For the newly divorced in Arizona, a change in existing estate plan documents may be necessary to avoid any claims by the former spouse against the decedent’s estate.
While California law invalidates a gift or disposition in a will or trust to an ex-spouse upon a decree of divorce, the disposition can be enforced if there is clear and convincing evidence that the decedent intended the ex-spouse to receive the gift or disposition after the divorce.
A legal separation that does not divide the marital assets will have no effect on a trust. In most cases, a divorcé or divorcée should update any existing estate plan documents for several reasons.
Estate plan documents typically include durable power of attorney and agent for healthcare documents naming the former spouse as the first agent.
There couldn’t be a worse situation in which the ex-spouse with a grudge has the authority to write checks out of the ex-spouse’s estate the power to withhold life-sustaining nutrition and hydration over a former spouse who can no longer communicate. A simple update to these documents can help ensure that the prepared person’s wishes are observed.
Often a couple will have an estate plan drafted after marriage and never revisit the plan, leading to potential disaster in the event of a divorce.
A typical estate plan will clearly name a spouse as a beneficiary. An example of this in a will is, “To my wife, Jane Smith, I leave X.” The will example could merely identify Jane Smith as “the Jane Smith who is at this time my wife.” Other provisions in the will could require a gift to Jane even if the couple is no longer divorced, such as, “A divorce or annulment shall have no effect on the disposition or gift to Jane Smith.”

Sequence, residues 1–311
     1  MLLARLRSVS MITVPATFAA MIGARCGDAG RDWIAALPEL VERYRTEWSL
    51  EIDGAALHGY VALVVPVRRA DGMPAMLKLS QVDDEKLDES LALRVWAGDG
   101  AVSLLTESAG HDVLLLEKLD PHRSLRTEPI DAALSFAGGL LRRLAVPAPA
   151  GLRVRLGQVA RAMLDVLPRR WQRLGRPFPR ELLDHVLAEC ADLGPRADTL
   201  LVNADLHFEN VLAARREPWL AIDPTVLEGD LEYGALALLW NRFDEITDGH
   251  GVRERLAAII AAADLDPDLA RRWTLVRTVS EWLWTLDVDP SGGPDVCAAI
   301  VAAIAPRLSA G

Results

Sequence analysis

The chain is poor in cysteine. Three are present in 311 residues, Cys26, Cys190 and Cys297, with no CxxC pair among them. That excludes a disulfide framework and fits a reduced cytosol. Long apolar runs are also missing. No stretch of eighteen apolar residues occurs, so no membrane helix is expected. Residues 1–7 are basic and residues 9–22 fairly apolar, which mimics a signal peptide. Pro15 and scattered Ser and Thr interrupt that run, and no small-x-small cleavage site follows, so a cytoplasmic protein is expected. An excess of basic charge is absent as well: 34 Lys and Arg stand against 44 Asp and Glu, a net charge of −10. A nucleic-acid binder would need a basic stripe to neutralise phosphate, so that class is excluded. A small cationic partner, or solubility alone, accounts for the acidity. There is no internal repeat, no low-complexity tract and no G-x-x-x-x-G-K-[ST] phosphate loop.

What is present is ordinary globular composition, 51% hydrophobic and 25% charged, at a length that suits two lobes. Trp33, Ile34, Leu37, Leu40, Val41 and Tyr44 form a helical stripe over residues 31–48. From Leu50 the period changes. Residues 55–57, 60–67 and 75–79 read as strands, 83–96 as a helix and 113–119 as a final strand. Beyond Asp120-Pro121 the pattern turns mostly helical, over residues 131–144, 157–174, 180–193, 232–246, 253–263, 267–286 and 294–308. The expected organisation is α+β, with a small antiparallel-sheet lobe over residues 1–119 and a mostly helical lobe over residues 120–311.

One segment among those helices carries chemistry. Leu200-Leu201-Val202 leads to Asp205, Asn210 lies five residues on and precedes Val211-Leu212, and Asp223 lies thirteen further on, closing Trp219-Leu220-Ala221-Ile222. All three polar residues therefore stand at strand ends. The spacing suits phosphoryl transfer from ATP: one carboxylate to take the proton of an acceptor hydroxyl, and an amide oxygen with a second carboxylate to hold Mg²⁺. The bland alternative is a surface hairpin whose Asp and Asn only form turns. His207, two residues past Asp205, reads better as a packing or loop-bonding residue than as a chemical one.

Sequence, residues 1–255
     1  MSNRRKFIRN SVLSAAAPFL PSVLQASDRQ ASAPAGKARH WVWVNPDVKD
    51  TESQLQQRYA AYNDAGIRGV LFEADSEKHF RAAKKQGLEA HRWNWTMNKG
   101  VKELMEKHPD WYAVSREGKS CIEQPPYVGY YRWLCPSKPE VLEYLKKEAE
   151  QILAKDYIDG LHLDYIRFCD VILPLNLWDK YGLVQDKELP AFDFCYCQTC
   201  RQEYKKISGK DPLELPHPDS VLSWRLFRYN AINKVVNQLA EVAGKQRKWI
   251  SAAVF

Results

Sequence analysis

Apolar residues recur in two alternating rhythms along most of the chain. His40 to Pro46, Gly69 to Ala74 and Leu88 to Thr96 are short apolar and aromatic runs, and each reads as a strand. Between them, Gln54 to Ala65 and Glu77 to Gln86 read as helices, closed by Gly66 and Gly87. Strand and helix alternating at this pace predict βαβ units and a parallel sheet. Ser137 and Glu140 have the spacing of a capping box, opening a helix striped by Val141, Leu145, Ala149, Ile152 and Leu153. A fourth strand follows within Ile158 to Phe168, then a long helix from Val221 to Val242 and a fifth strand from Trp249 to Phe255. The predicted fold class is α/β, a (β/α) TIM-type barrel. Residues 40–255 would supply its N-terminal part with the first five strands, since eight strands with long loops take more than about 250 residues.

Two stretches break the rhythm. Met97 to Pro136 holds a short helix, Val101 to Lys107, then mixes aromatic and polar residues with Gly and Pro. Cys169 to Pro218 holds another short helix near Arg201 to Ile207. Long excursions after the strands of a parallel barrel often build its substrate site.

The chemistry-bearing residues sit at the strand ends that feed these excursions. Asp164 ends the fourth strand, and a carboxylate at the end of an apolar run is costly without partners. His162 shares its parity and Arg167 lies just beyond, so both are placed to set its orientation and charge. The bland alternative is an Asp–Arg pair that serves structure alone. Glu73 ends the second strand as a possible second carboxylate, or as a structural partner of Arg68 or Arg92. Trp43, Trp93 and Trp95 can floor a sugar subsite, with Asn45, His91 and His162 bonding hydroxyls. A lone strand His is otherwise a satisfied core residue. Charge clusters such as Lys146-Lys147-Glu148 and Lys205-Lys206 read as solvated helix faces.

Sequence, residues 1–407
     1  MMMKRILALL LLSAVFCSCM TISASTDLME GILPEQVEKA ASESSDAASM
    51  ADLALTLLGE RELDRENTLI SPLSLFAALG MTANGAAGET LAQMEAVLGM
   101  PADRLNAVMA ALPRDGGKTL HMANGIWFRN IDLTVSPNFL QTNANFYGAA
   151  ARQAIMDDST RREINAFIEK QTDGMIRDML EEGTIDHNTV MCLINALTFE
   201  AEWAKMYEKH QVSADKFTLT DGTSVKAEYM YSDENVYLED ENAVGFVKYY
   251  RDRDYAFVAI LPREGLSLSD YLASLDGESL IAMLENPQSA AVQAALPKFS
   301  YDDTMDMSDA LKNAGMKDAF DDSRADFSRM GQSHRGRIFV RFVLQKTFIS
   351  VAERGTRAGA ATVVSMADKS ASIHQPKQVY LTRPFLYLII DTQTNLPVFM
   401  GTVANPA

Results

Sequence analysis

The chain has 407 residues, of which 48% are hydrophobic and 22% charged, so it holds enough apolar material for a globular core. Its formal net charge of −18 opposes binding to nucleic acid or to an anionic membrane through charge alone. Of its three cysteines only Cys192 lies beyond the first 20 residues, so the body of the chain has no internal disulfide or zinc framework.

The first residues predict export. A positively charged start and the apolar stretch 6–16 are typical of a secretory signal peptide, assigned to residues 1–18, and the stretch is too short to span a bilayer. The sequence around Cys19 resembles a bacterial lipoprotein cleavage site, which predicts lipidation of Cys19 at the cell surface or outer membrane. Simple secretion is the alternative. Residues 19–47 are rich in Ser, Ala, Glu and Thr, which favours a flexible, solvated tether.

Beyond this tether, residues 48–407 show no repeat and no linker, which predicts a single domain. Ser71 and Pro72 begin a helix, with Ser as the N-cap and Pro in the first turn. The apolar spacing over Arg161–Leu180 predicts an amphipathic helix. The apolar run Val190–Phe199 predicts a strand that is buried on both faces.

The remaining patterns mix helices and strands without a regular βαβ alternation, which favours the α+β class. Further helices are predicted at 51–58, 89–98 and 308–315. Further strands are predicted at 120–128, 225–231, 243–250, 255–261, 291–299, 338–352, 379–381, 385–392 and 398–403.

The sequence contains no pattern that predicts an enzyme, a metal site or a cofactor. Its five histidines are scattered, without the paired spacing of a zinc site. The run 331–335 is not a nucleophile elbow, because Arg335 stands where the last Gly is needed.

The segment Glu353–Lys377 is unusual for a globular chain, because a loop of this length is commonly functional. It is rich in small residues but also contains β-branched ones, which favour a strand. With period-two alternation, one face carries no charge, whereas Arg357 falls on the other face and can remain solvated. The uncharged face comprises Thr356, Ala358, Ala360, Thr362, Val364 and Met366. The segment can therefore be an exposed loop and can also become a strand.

Such “honeymoon clauses” written after the nuptials could catch the newly divorced off guard if they haven’t looked at their estate plan since it was drafted.
Estate planners know the kinds of questions to ask regarding the estate, therefore, they will almost certainly ask if a life insurance policy benefits the former spouse.
Such policies for the benefit of the former spouse are not invalidated by a divorce decree. Since many insurance policies are designed to pay the death benefit to the surviving spouse, a new divorce usually requires a review of beneficiary designations in insurance policies. It is advised to consult with an experienced estate attorney such as the Estate Attorney Rocklin CA locals trust.
If you have a question about divorce in Arizona, please call to speak to one of our experienced Scottsdale and Phoenix Arizona divorce attorneys at (480)305-8300.
Special thanks to authors at the Law Office of Alexandria Goff PC for insight into Estate and Family Law.
If you have questions for the newly divorced, you should seriously consider contacting the attorneys at Hildebrand Law, PC. Our Arizona divorce and family law attorneys have over 100 years of combined experience successfully representing clients in divorce and family law cases.
Our family law firm has earned numerous awards such as US News and World Reports Best Arizona Family Law Firm, US News and World Report Best Divorce Attorneys, “Best of the Valley” by Arizona Foothills readers, and “Best Arizona Divorce Law Firms” by North Scottsdale Magazine.
Call us today at (480)305-8300 or reach out to us through our appointment scheduling form to schedule your personalized consultation and turn your Arizona divorce or family law case around today.